Rabies Glycoprotein expression in animal rabies vaccine: The animal rabies vaccine run on SDS-PAGE gel showed the presence of expected 66 kDa band at all concentration (10-50l) (Figure. 1).


The immunization studies on mice with animal rabies vaccine have shown significant levels of antibody titers in all groups of mice. Group 1 mice which were fed with Sodium bi carbonate 15 min. prior to immunization to neutralize the acidity in stomach produced the same amount of neutralizing antibody as that of other treatment groups. Mice that were treated intramuscularly produced significantly higher levels of antibodies in comparison with the orally fed mice.
According to WHO, the antibody titer equal to or greater than 0.5 IU is sufficient to provide protection against infection by the rabies virus (9). The immunization study on mice has shown that the production of rabies neutralizing antibody was higher when treated intramuscularly (3.0 IU/ml). and significantly lower when immunized orally, that too was however more than the minimum antibody titer required to be produced (i.e., 1.5 IU/ml for protection against the disease. The mice, which were fed with wooden pieces, produced less neutralizing antibodies compared to other treatments of oral feeding but had sufficient neutralizing antibody titer(i.e., 0.5 IU/ml) and considered to give protection against rabies virus.
The results showed that, bait types used were efficient in providing oral immunization. The baits which are not chewed by an animal are less likely to be successful for oral vaccination, because vaccine contact with oral mucosal membrane would be limited and the vaccine may be inactivated due to stomach acidity (2). Similar study was done by Jayakumar et al. in dogs, in which they have shown that use of chicken heads as bait along with the vaccine made the dogs to chew the chicken head for a longer time and this lead to efficient distribution of vaccine in the oral mucous membrane4. Moreover, the hard baits disrupted the buccal cavity and the vaccine might have entered the blood stream providing efficient immunity.
The molecular weight of the rabies glycoprotein is found to be 66 kDa (3). The presence of 66 kDa bands in animal rabies vaccine shows that animal rabies vaccine sample is rich in rabies glycoprotein as thick band was seen even at 10 L concentration of the sample. This is due to efficient glycosylation in animal cell culture system. The efficient glycosylation in animal and mammalian cell is due to the presence of terminal galactose and sialic acid residues (5).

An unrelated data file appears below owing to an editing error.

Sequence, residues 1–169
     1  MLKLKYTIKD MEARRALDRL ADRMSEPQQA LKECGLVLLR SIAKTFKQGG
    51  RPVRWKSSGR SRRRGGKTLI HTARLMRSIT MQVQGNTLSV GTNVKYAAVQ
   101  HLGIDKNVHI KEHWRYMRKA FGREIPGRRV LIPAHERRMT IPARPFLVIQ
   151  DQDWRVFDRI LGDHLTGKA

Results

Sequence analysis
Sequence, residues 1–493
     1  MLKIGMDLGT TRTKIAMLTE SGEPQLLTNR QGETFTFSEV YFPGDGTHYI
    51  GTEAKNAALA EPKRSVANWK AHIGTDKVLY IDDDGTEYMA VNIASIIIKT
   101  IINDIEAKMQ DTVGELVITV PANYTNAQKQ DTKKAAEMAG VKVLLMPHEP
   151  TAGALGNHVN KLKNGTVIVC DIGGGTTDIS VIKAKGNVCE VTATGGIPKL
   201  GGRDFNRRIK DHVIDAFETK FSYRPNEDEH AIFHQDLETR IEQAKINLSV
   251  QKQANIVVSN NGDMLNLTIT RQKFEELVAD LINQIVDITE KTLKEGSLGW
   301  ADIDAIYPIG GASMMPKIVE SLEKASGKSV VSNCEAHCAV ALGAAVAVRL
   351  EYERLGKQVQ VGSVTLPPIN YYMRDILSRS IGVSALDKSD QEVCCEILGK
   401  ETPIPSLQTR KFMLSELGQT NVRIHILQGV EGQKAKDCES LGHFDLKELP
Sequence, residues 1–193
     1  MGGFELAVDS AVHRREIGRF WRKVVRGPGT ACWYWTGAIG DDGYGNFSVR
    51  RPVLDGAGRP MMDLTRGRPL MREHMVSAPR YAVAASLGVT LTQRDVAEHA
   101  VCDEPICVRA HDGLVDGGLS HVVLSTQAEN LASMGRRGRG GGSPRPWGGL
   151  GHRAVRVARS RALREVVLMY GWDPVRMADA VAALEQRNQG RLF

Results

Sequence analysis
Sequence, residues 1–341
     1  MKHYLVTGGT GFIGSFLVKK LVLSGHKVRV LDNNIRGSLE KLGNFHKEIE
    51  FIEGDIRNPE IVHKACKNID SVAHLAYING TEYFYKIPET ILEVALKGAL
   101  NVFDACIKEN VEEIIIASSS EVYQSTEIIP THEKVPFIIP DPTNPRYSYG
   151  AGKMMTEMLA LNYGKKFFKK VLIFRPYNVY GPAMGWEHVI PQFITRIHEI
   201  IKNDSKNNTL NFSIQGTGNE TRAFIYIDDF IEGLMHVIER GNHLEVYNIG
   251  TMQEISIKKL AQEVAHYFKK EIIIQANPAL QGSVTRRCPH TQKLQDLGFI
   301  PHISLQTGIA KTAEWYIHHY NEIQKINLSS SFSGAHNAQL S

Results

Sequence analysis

We thank Dr. Byre Gowda, Senior Scientist, Deputy Director of IAH&VB for kindly providing us the Animal Rabies Vaccine for our study.



  1. Atanasiu P. Quantitative assay and potency test of anti-rabies serum and immunoglobulin. Laboratory Techniques in Rabies, 3rd edn (WHO, Geneva, Switzerland) 1973; 314-316.

  2. Baer G M, Broderson J R, Yager P A. Determination of the site of oral rabies vaccination. Am. J. Epidemiol 1975; 101:160-164.

  3. Dietzschold B. Oligosaccharides of the glucoprotein rabies virus. Journal of Virology 1977; 23: 286-293.

  4. Jayakumar R, Kumanan K, Nachimuthu K, Padmanaban V D. A bait delivery system suitable for oral rabies vaccine for stray dogs in India. Indian Vet. J 1998; 75: 207-210.

  5. Ma J K C, Pascal M W D, Paul C. The production of recombinant pharmaceutical proteins in plants. Nature reviews 2003; 4: 794-805.

  6. Menezes R. Rabies in India. CMAJ (Canadian Medical Association or its licensors) 2008; 178: 564-566.

  7. Rupprecht C E, Wiktor T J, Johnston D H, Hamir A N, Dietzshold B, Wujnner W H, Glickman LT, Koprowski H. Oral immunization and protection of raccoons (Procyhon lotor) with a Vaccinia-rabies glycoprotein recombinant virus vaccine. Proceedings of the National Academy of Sciences of the USA 1986; 83: 7949-7950.

  8. Sudarshan M K, Madhusudana S N, Mahendra B J, Rao N S N, Narayana A D H, Rahman A S, Meslin F X, Lobo D, Ravikumar K, Gangaboraiah. Assessing the burden of human rabies in India: results of a national multi-center epidemiological survey. Int. J. of Infectious Dis 2007;11: 29-35.

  9. WHO. Expert Committee on rabies. Geneva (WHO Technical Report Series, 824) 1992.

  10. WHO. Guidelines for research on oral rabies vaccines and field application of oral vaccination of dogs against rabies. Geneva 2007.


Figure 1

SDS-PAGE gel showing the presence of Rabies Glycoprotein in animal vaccine after staining with Coomassie Brilliant Blue. Lane M, marker; Lane 1, 10L of animal vaccine; Lane 2, 20L of animal vaccine; Lane 3, 30L of animal vaccine; Lane 4, 40L of animal vaccine; Lane 5, 50L of animal vaccine


Table 1:

Rabies virus neutralizing antibody titers (IU/mL) in mice immunized with animal rabies vaccine


Mice Treatments

Neutralizing antibody titer

Group I


NaHCO3 + Coconut shell+ animal vaccine


Group II


Animal vaccine + Sand


Group III


Animal vaccine + Wood pieces


Group IV


Animal vaccine + Chickpea


Group V


Animal vaccine + Coconut shell


Group VI


Treated intramuscularly
with animal rabies vaccine alone